The American Staffordshire Terrier, or Amstaff, can trace its origins to the first part of the 19th century in England. It was there that this breed originated by crossing a bulldog with a terrier. Which kind of terrier is a topic of debate, but the leading contenders are the White English Terrier, the Black and Tan Terrier or the Fox Terrier. This new breed was originally known as the Bull-and-Terrier Dog, Half and Half, Pit Dog or Pit Bullterrier. It eventually became known in England as the Staffordshire Bull Terrier.
Around 1870, these dogs made their way to the United States, where they became known as the Pit Dog, Pit Bull Terrier, American Bull Terrier and the Yankee Terrier. Eventually they became known as the American Staffordshire Terrier. They were used for farm work, guarding the home and companionship, becoming crucial to the success of settlers who developed the United States. His accomplishments included located wounded soldiers during firefights, warning fellow soldiers of gas attacks and being responsible for the capture of a German spy.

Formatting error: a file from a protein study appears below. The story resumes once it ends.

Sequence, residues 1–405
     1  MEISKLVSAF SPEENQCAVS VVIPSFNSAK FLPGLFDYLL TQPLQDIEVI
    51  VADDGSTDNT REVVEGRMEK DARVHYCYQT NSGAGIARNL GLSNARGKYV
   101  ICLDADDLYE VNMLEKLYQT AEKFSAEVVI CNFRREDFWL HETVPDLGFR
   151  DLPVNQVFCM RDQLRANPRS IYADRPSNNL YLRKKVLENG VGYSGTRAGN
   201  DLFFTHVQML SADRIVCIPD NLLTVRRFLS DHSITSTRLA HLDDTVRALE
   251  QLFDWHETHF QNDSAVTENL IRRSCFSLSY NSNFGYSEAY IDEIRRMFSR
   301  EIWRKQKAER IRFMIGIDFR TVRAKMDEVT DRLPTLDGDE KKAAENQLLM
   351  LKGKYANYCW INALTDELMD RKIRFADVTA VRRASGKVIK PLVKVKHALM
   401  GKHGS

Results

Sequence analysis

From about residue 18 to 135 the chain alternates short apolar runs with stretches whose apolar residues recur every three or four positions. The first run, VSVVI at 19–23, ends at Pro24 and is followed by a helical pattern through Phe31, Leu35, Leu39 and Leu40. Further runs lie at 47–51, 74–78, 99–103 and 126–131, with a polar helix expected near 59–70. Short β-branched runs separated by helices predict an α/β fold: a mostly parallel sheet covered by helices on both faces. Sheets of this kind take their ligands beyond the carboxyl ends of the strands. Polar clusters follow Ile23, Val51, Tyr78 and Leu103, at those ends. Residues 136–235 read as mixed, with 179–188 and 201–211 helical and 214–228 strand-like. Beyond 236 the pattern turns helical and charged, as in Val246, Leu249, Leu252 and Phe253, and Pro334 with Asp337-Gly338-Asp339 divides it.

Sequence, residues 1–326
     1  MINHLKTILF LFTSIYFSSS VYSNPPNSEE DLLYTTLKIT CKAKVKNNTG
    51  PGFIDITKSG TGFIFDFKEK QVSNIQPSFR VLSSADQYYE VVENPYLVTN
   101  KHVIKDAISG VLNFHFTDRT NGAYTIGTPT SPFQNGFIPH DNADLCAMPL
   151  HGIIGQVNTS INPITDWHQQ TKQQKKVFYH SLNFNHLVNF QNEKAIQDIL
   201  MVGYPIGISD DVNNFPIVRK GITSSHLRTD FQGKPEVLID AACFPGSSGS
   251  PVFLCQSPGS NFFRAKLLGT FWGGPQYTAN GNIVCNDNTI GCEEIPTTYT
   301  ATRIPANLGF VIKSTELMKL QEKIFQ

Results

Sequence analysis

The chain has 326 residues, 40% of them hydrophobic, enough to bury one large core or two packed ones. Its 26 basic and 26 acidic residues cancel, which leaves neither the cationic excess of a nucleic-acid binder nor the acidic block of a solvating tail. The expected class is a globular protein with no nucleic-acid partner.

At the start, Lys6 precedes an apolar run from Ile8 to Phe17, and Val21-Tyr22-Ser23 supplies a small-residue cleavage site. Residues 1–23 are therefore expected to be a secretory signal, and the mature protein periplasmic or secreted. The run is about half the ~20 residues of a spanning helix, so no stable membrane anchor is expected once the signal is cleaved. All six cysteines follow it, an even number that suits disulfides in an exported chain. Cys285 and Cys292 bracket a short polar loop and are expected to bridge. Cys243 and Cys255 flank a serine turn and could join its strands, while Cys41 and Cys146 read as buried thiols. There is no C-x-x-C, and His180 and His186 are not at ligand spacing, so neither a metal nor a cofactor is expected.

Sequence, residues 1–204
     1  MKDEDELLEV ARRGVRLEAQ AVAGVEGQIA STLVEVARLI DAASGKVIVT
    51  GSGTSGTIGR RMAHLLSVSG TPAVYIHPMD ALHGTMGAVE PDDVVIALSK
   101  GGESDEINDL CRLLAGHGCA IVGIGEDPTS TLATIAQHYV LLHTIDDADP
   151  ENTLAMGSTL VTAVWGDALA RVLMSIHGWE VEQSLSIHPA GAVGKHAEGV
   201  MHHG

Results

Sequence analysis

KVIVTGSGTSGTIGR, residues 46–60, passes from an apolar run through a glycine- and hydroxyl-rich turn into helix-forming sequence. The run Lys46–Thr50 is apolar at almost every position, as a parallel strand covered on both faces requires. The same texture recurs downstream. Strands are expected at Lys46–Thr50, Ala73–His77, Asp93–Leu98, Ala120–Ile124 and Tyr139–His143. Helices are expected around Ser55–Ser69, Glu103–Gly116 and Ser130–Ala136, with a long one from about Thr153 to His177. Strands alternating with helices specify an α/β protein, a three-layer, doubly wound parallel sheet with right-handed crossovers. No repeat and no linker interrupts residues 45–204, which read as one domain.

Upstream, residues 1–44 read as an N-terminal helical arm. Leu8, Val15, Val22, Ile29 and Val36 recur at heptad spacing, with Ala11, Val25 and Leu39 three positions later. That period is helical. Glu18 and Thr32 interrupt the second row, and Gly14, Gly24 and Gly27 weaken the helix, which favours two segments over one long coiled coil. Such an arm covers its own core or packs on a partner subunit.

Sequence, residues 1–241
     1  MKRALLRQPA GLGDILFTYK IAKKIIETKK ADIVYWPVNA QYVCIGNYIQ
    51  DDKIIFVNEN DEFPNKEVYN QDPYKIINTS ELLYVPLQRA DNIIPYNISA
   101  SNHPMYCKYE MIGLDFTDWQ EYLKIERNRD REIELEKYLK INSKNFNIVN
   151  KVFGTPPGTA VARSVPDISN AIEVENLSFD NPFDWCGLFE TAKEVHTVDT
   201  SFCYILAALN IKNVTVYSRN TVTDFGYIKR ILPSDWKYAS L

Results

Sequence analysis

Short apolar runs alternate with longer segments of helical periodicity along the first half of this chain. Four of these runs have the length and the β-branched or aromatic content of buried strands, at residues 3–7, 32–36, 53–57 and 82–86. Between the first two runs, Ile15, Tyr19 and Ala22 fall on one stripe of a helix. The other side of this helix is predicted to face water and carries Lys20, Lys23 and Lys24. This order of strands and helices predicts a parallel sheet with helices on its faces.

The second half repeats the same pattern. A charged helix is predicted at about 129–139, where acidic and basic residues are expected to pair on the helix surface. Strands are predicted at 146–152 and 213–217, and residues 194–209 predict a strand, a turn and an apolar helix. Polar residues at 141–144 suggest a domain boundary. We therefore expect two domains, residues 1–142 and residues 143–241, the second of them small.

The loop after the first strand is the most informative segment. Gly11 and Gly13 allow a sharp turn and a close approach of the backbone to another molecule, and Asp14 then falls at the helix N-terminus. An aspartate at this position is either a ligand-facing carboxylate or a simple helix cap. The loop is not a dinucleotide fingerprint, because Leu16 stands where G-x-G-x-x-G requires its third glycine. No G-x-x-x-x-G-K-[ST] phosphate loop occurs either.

In the first part of the 20th century, this breed surged in popularity. Buoyed by the appearance of Pete the Pup in the Our Gang films, American Staffordshires spread throughout the United States. Another famous American Staffordshire named Sergeant Stubby also made a name for himself in the armed forces. He was the most decorated dog in military history and the only dog to have been promoted in battle.
It is an unfortunate circumstance that some early Amstaffs were bred as fighting dogs, but their amazing vitality can be directly attributed to this fact. Since the 1930s, selective breeding has steered them away from this heritage. The modern-day American Staffordshire Terrier is more lover than fighter.